Antarctic Lakes May Harbor Unique Ecosystems

Liquid lakes buried thousands of meters below the Antarctic ice sheet are likely the home to unique habitats and creatures that thrive in them. Exploration of those lakes will therefore require extreme care and an international cooperative effort, according to a team of authors writing in the Dec. 6 issue of Nature. The pressure exerted by the continent-wide ice sheet together with heat generated by the Earth from below and the enormous insulating properties of the overlying ice sheet, may mean that liquid water exists in many — if not all — of the lakes. That may mean that they harbor life, according to a team of authors, led by Martin Siegert of Bristol University.

Microbiologists funded by the National Science Foundation (NSF), working with ice samples gathered from deep beneath Russia’s Vostok Station — that is thought to be refrozen water from Lake Vostok itself — have argued that microbes may survive in extreme cold and darkness under more than 4,000 meters of ice. John Priscu of Montana State University, one of those NSF-funded biologists, is a co-author of the paper.

Antarctica is home to more than 70 lakes that lie thousands of meters under the ice sheet. The lakes include one under the South Pole and another, Lake Vostok, deep in the Antarctic interior, that is comparable in size and depth to one of the North American Great Lakes.

Given the conditions in the lakes, the authors state, it is reasonable to believe “that subglacial lakes house a variety of microorganisms potentially unique to subglacial Antarctica and, if they are isolated hydrologically, unique to each lake.”

In the Nature article, Priscu and his colleagues also argue that the sediments at the bottom of Lake Vostok, and in other lakes, may also sustain life.

They caution, though, that developing both the technology and the experimental protocols to explore those lakes without contaminating the waters or harming any microbial communities that may exist there will be an extremely complex undertaking that will require “significant multinational cooperation.”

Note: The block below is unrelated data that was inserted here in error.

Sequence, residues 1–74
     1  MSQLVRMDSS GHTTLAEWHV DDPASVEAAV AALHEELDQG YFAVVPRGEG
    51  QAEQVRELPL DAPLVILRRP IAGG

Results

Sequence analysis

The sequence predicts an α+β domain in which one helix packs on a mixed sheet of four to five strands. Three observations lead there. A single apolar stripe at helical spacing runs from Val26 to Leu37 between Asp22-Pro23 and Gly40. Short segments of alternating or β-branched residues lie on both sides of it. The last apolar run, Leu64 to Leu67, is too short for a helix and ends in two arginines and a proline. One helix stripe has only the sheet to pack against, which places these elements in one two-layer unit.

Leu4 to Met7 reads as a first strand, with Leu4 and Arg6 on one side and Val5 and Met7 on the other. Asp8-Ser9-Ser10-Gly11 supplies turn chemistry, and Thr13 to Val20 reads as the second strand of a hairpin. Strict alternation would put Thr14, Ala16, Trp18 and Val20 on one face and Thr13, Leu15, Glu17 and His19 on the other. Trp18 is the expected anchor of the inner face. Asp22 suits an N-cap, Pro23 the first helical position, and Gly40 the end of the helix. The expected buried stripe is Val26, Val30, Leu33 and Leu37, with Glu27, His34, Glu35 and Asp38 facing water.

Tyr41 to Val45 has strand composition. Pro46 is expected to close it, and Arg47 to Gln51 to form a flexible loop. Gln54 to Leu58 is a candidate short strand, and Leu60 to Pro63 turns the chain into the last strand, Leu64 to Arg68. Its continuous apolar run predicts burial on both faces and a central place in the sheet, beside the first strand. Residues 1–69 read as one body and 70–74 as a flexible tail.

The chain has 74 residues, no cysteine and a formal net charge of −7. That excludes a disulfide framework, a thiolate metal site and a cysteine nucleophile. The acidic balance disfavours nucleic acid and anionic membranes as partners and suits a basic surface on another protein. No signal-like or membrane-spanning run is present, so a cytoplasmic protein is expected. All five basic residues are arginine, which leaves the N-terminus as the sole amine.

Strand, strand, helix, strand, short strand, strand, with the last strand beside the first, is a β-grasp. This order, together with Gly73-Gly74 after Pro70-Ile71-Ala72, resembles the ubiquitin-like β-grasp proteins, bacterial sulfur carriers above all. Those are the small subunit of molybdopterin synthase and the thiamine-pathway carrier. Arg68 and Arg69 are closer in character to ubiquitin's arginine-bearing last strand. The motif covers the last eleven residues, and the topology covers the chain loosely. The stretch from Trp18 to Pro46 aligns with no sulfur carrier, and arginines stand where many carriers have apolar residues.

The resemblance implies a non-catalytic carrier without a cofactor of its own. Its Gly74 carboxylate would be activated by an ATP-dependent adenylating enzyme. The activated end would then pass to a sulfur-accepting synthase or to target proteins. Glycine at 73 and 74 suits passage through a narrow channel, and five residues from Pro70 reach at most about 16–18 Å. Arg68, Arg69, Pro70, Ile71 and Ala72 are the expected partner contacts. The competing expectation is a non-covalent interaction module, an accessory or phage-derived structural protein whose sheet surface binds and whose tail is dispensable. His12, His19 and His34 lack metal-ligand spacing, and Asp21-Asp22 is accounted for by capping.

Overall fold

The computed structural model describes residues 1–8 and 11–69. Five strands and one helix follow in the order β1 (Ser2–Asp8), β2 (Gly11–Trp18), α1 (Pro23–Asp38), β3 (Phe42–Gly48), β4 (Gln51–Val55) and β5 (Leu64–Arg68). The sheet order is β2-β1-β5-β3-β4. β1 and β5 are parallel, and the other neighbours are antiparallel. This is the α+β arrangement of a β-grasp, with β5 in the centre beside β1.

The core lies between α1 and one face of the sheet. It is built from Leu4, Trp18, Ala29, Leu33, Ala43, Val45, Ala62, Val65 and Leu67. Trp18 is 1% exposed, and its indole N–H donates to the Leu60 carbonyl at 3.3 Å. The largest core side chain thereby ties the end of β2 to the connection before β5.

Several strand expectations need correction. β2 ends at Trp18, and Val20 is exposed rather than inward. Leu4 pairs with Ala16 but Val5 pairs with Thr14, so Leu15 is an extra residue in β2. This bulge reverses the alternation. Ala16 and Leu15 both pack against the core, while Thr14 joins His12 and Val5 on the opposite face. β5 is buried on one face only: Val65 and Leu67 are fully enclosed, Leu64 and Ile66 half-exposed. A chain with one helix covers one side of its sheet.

The United States Antarctic Program, which is managed by NSF and which coordinates almost all U.S. research in Antarctica, already has taken some non-invasive steps to explore Lake Vostok. During the 2000-2001 research season, researchers from the Lamont-Doherty Earth Observatory at Columbia University conducted detailed airborne radar mapping of the lake to more thoroughly understand its physical and geographical boundaries.

In 1999, two NSF-funded teams, one headed by Priscu and another headed by David Karl of the University of Hawaii, published papers in Science describing evidence that viable microbes lived in the “accreted,” or melted and refrozen ice from Lake Vostok.

Priscu and his co-authors write in the Nature article that these investigations into the nature of Lake Vostok “have helped to define the next generation of research objectives, and it is likely that several exciting bio-geochemical-physical systems wil be documented during the next decade.”

Recognizing the scientific and technological challenges and opportunities of such an undertaking, NSF’s Office of Polar Programs has established an NSF committee to study the possible scientific exploration of the lakes.

Karl Erb, who heads the U.S. Antarctic Program, cautioned committee members that future workshops to discuss whether and how to proceed with scientific exploration will need to explore how advanced technologies, including technologies that may as yet not be developed, can enable scientists to achieve their research goals. He noted that the workshops will “bring out the likely interplay between science goals and technology requirements: The goals should define the requirements but the state of the technology may proscribe the goals.”

He also adds that any scientific exploration of subglacial lakes, including Lake Vostok, should include international and interagency participation.

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